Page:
The arrival of spring means the opening of an opera season. Kicking off this spring opera lineup are three classic operas, each with a different color and charm: comedy, tragedy and something in between. ‘Don Giovanni’
The National Opera Company of Korea brings an experimental, small-scale production of Mozart’s classic opera “Don Giovanni” to Seoul Arts Center in southern Seoul.
Taking place at a 1,000-seat CJ Towol Theater at the center, which opens this spring after renovation, the production has an all-Korean crew and singers, except the conductor ― Marco Zambelli from Italy.
|A scene from “Don Giovanni” (The National Opera Company of Korea)|
The two-act opera, revolving around the salacious adventures of the Spanish nobleman and libertine by the same name, has been staged numerous times before, but the upcoming one is a modern production with a symbol-rich, minimalistic set.
Director Jung Sun-young recreates Giovanni into a free-spirited man living a life true to his inner desires ― an object of jealousy for many who live a life trapped in a myriad of social rules and obligations.
The set is moved from 18th-century Spain to a modern city, featuring cookie-cutter apartment buildings, cemeteries, and in several scenes, a giant apple hung from a crane by a wire. The apple symbolizes one’s inner desire, and the tension on the rope is the constant struggle between desire and social rules and obligations, Jung explains.
The production will be staged for five days beginning March 12. Ticket prices range from 20,000 won to 70,000 won.
‘The Elixir of Love’
|A scene from “The Elixir of Love” (Sol'Opera)|
Sol’Opera, which specializes in joint productions with Italy, presents Donizetti’s enchanting comedy “L’Elisir d’Amore (The Elixir of Love),” this time with the Rome Opera House.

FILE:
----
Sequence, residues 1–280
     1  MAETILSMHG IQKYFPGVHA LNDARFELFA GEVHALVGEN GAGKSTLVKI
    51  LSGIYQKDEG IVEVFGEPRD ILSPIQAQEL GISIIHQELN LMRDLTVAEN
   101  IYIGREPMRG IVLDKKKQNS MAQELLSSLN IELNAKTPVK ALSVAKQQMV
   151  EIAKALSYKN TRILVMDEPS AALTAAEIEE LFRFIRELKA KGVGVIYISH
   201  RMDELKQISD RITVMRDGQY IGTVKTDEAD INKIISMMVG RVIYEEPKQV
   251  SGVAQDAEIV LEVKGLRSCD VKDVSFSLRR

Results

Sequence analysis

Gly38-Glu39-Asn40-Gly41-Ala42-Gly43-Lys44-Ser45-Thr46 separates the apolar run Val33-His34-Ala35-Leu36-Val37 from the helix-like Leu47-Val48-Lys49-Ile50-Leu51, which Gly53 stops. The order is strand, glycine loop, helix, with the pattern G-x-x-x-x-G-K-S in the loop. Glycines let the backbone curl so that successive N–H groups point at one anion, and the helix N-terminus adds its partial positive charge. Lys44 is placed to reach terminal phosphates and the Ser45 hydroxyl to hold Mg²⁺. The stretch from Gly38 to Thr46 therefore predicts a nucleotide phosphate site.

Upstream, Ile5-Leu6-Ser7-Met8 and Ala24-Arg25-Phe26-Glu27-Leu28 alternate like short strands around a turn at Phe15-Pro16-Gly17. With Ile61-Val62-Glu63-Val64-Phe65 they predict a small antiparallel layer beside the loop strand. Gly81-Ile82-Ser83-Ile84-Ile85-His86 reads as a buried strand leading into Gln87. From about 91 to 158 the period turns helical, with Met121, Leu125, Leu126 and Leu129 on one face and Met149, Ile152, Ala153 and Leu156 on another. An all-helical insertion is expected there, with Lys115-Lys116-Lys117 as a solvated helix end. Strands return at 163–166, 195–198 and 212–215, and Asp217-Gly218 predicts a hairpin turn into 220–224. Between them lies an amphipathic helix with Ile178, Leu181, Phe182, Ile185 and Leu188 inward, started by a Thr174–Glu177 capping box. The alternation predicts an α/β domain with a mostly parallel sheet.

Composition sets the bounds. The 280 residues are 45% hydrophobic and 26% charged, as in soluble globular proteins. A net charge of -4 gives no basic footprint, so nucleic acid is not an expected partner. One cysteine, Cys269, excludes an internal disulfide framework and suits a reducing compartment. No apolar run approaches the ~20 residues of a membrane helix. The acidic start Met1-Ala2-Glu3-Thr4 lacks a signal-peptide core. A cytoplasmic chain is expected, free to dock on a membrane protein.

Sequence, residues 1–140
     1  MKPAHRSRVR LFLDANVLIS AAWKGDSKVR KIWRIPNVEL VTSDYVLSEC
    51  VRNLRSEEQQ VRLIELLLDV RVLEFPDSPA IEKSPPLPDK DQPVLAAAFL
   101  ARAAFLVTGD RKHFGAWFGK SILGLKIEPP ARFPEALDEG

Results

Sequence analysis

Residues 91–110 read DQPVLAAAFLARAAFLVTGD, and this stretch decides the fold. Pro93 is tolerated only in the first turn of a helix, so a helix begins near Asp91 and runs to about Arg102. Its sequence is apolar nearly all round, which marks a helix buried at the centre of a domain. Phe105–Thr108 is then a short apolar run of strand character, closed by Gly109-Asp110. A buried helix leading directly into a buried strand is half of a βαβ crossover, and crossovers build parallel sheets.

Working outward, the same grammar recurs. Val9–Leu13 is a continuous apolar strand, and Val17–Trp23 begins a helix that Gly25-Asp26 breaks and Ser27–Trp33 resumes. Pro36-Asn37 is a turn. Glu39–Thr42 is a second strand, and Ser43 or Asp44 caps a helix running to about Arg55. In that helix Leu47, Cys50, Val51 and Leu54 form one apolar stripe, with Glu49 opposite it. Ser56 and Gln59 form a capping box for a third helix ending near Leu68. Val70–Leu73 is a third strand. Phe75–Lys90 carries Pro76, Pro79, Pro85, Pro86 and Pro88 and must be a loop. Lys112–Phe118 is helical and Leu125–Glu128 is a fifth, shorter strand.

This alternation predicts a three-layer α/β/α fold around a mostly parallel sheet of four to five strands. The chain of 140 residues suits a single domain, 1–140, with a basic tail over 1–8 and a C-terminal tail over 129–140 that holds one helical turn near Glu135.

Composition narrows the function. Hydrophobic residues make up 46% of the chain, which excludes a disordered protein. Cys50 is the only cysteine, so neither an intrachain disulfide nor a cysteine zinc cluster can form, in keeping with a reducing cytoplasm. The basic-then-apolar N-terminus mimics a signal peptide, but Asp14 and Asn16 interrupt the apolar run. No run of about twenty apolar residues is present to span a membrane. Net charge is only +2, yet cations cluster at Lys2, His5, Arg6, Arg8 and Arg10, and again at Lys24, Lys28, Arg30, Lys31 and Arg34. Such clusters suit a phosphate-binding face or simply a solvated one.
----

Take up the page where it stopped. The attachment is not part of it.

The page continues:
Written in a hasty six weeks, the two-act opera revolves around a young peasant named Nemorino, who, fooled by a con man named Dr. Dulcamara, drinks a fake love potion to try to win Adina, the landowner and girl of his dreams.
One of the most frequently performed operas in the world, the work contains a well-known tenor aria “Una Furtiva Lagrima (A Furtive Tear).”
“It has fun, love and great arias. All in all, it will be an enjoyable experience for all,” said Lee So-young, president of Sol’Opera.
Running three nights from April 3, the production features Italian director, conductor and singers. Two Korean singers ― Tenor Jung Byong-ho as Nemorino and Soprano Kim Hee-jeoung as Adina ― will star in one of the three performances.
It will be staged at the Opera House of Seoul Arts Center and tickets range from 30,000 won to 200,000 won.
|A scene from “Salome” (Korea Opera Group)|
This May, Korea Opera Group brings provocative opera “Salome” to the Opera House of Seoul Arts Center, nearly 21 years after France’s Bastille Opera staged its production of the work at the opera house’s grand opening.
With music by Richard Strauss and scripts adopted from an eponymous play by Oscar Wilde, the story depicts a peculiar love-hate relationship between King Herod and his step-daughter Salome, a prototypical femme fatale who wants the one thing she can’t have ― the love of the prophet John the Baptist.
What makes the work sensational is the famous 12-minute “Dance of the Seven Veils,” in which Salome dances as she takes off seven layers of clothing in front of King Herod to make him execute John the Baptist. It is also known for a shocking final scene where Salome kisses the severed head of John the Baptist.
Sopranos Katja Beer and Carola Glaser will play Salome, while Korean singers fill the rest of the cast. Director Maurizio Di Mattia has moved the setting to a futuristic city of violence, crime and greed.
An opener for the fifth Korea Opera Festival, the Korea Opera Group’s production of “Salome” runs three nights from May 2, with tickets ranging from 10,000 won to 200,000 won.
By Lee Sun-young (firstname.lastname@example.org